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HomeReviewApple 15-inch MacBook Air review: Is bigger better?

Apple 15-inch MacBook Air review: Is bigger better?

Introduction

Note: This review was first published on 12 June 2023.

The 15-inch MacBook Air is here.

Supersizing the MBA

It’s easy to view Apple’s new 15-inch MacBook Air as nothing more than just a MacBook Air with a larger display. But this is Apple’s largest MacBook Air ever. In other words, it’s the first affordable MacBook with a large screen. That’s a big deal because users who wanted a MacBook with a display larger than 13-inches have had to cough up for a far more expensive MacBook Pro. So what do you gain apart from the larger display, and is it really light and portable? Answers to all these and more below.

The TL;DR version:The 15-inch MacBook Air’s combination of performance and portability makes it the ideal 15-inch notebook for most people. It might even tempt owners of the 13-inch MacBook Air to make a switch.

Physically and aesthetically, the new 15-inch MacBook Air is best described as mostly a blown up version of the 13-inch MacBook Air. That’s no bad thing. It means it looks sleek and build quality is top notch – it feels rock solid. It retains the 13-inch version’s slim profile. At just 11.5mm thick, it’s remarkably svelte and Apple claims this is the slimmest 15-inch notebook in the world. I can’t think of a thinner 15-inch notebook. Colour options are unchanged so you have Midnight, Starlight, Space Grey, and Silver.

The larger display has a profound impact on user experience.

Weight is up slightly from 1.24kg to 1.51kg. I immediately noticed the extra heft, but then I spend a lot of time working on the 13-inch MacBook Air. Even so, it’s remarkably light for a 15-inch notebook and I believe most people will no problems shrugging off the difference in weight in favour of the larger display.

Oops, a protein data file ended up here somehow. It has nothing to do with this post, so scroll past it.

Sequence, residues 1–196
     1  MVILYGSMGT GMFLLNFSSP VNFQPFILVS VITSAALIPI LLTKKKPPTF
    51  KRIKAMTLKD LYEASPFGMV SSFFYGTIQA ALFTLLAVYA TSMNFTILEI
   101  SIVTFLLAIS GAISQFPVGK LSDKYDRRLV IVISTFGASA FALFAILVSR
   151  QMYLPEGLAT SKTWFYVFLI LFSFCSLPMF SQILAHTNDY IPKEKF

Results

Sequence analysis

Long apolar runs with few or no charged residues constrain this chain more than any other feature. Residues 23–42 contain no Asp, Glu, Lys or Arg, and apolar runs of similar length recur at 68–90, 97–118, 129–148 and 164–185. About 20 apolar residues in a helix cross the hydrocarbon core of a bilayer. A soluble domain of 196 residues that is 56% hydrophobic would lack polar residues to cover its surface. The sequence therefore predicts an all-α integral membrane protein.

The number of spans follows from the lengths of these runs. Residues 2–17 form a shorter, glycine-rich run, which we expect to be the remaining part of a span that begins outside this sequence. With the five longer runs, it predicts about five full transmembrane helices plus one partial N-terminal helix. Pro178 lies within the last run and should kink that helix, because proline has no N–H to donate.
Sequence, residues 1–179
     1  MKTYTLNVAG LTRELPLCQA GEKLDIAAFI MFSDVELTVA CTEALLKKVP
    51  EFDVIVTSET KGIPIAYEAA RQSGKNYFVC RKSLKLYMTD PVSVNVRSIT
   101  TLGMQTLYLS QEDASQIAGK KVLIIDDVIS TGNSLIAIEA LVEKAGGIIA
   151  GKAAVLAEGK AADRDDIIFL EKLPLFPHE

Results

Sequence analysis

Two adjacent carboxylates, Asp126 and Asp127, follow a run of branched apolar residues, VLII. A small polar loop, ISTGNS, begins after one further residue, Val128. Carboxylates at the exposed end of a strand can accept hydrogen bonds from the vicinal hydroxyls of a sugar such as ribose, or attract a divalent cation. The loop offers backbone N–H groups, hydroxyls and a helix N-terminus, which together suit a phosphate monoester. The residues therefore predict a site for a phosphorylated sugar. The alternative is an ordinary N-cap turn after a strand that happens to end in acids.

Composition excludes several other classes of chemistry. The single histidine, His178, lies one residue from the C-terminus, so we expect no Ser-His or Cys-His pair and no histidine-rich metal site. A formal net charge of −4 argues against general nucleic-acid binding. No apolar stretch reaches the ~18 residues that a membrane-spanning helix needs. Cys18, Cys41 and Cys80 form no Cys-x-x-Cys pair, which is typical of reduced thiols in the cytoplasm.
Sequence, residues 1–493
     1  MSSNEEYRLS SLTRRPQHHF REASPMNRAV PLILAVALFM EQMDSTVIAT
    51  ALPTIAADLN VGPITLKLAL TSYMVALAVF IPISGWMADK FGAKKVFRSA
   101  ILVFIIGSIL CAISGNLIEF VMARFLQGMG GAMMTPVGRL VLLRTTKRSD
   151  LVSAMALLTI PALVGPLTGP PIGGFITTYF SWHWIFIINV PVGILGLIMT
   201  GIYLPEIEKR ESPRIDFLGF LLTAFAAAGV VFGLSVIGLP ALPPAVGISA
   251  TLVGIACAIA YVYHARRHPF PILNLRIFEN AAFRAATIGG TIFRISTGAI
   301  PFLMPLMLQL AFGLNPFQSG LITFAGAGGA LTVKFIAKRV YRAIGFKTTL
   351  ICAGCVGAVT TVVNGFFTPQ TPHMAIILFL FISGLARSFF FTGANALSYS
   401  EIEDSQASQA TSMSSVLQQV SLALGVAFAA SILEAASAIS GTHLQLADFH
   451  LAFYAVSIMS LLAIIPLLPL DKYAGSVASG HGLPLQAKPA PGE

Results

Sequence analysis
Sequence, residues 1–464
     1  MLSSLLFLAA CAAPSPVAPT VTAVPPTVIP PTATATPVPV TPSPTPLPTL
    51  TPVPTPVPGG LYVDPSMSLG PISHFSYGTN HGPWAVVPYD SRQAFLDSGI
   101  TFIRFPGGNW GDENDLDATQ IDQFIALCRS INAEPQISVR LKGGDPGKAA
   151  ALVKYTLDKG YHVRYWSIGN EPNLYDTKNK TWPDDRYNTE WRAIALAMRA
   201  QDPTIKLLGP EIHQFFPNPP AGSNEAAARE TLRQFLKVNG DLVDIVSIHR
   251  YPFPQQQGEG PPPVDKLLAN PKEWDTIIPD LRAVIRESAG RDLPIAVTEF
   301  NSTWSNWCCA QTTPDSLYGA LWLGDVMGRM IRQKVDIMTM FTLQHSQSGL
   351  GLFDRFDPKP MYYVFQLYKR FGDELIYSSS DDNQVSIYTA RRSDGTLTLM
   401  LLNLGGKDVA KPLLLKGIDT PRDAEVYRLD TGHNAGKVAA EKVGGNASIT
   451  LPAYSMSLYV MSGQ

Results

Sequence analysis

The display now measures 15.3 inches diagonally. There's a notch at the top which houses a 1080p webcam, but it's honestly a non-issue at this point. You won't notice it after a couple of days. The increase in display size, however, is immediately palpable. You can see much more of a webpage or document. It’s also a Liquid Retina display, which means it uses a regular IPS LCD panel – not OLED. Resolution is 2880 x 1864 pixels which gives it the same 224 pixels per inch pixel density count as the smaller 13-inch model. You could nitpick and say it isn’t quite as vivid as a notebook with an OLED display, but I doubt the type of people who buys these notebooks will care too much.This is still, by most accounts, a great display.

This has to be one of the largest trackpads of any notebook.

The other noteworthy upgrade you can’t see: it’s the speakers. It has a six-speaker sound system that consists of tweeters and force-cancelling woofers – just like the 14 and 16-inch MacBook Pros – and supports Spatial Audio when you play compatible content. Unsurprisingly, it sounds beefier than the 13-inch model. There’s more body to the sound and the bass is stronger.In addition, the sound stage is wider and it gets louder. MacBooks have always had good speakers and this new 15-inch MacBook Air is no different. It’s easily one of the best-sounding notebooks.

I’ve been told the keyboard is identical to the 13-inch model. Apple doesn’t believe in number pads, which I think is the right move. I rather have a perfectly centralised keyboard than a number pad that I may only use once or twice a year. The keys don’t feel quite as well-damped as the MacBook Pros’ keyboard, but it’s still a pleasant keyboard to work on. Like the 13-inch model, the 15-inch model also gets a row of full-height function keys. To the top right corner is the Touch ID button that doubles as the power button. The trackpad is massive, responsive, accurate, and an utter joy to use.

Despite the larger chassis, you still only get two USB-C ports and a 3.5mm headphone jack.

Ports are unchanged, so you have a MagSafe port for power and you get two USB-C ports that support Thunderbolt 3 and USB4 and a 3.5mm headphone jack that Apple says works well even with high-impedance headphones. It’s a pity that Apple didn’t add any ports or memory card reader given the vast amount of space by the sides. An SD card reader would have really knocked this MacBook out of the park.

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